Dodgers pitcher Trevor Bauer is one of the most controversial players in all of Major League Baseball. People seem to fall into one of two camps with him, they either can’t stand him or think he’s a genius who will transform the way we think about pitching. Admittedly I fall in the second of those camps so my thoughts here may be a bit biased.
That said, to deny his ability, intelligence, and understanding of the game would be foolish. He’s gotten better year to year, won the NL Cy Young award last season, and if it weren’t for a freak injury caused by a line drive hitting his shin he would have won the AL Cy Young in 2018. His only real down year as of late was in 2019 where he battled a nagging ankle injury for most of the season.
Though you may look at his numbers from 2012-2017 and question what’s so special about him, you may even think that 2020 and 2018 are just isolated events in an otherwise average career, but not only is that completely off-base, it’s also severely lacking in context. Bauer’s legacy doesn’t have to be based on his production, but rather how he impacted the game of baseball.
Simply put, Bauer is a pioneer of baseball. I’d even go as far as to call him the Ted Williams of pitching. While he, obviously, is nowhere near at Williams’ level in terms of career success, the comparison has more to do with them approaching the game in a fundamentally different way from everyone else. Williams back in the 40’s was the first hitter to ask questions like “what is my batting average for each part of the strike zone?” (pictured below) or to question what angle his swing plane should be on. Heck, the man literally wrote a book called “The Science of Hitting.”
Bauer has brought similar conversations and debates into how we approach pitching. Bauer came up in the “Moneyball” era of baseball, where analytics were just starting to be used en masse. The analytics back then really helped explain who was a good player but did very little to explain why they were a good player. In 2011 he was drafted with the 3rd overall pick in the MLB Draft by the Arizona Diamondbacks. At the time he was a short (5’11’) skinny pitcher from UCLA who drew comparisons to Tim Lincecum due to their hyper athletic delivery and similar frames. But while Lincecum faltered as the years went on, Bauer’s career has only gotten better with age.
When Bauer came into the league he frustrated a lot of baseball traditionalists with his scientific approach to pitching. In his rookie season, Bauer was already ahead of the game. I remember a radio interview of his where he was discussing his offseason training regimen and he said (paraphrased) that the key focus of his offseason was based around a simple question. At what point after the pitch is thrown does a batter have to make a decision whether or not he’s going to swing, and how do I make all of my pitches look exactly the same until that point.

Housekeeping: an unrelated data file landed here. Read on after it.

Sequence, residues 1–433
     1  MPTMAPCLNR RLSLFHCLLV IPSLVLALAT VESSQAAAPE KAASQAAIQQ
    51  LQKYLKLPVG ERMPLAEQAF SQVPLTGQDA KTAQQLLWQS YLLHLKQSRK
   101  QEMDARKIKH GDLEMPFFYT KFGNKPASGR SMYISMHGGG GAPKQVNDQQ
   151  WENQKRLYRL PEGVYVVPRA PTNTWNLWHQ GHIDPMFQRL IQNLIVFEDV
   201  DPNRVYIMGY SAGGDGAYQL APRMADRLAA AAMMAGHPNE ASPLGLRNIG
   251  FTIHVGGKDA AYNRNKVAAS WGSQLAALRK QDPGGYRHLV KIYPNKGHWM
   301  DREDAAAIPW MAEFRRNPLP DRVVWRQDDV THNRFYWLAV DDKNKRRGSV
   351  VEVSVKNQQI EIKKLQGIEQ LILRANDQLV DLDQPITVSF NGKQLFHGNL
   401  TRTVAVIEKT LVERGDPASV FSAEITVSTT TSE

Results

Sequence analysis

What Bauer was talking about there is now known as “Tunneling” and it is considered by many to be the number one factor in determining what makes a successful pitcher. Bauer often was criticized early in his career for his insistence on throwing the ball higher in the strike zone, especially fastballs late in counts. At the time, the conventional wisdom on pitching said that you wanted to stay low in the zone, change speeds, and keep the ball on the left or right edge of the plate. Bauer’s approach of changing the hitter’s eye level by how he elevates his pitches has become the new standard approach.
Since Bauer’s arrival in 2013, the Cleveland Indians have had one of the best pitching staffs in baseball every year despite having almost no pitchers amongst the top prospects or free agent signings in baseball. Though I think it’d be foolish to lay all the credit for that at Bauer’s feet, the Indians were one of the first teams to pick up on the things he was talking about, and it’s obvious that he had an impact, at least in starting the conversation on that.
Bauer has challenged standards at every turn, and though he ruffled a few feathers along the way, he has drastically changed the way we approach the game of baseball. His Cy Young award last season is proof that his way of thinking is working. If he can keep it up he’ll have an opportunity to truly silence the doubters and show that he truly has cracked the code on pitching.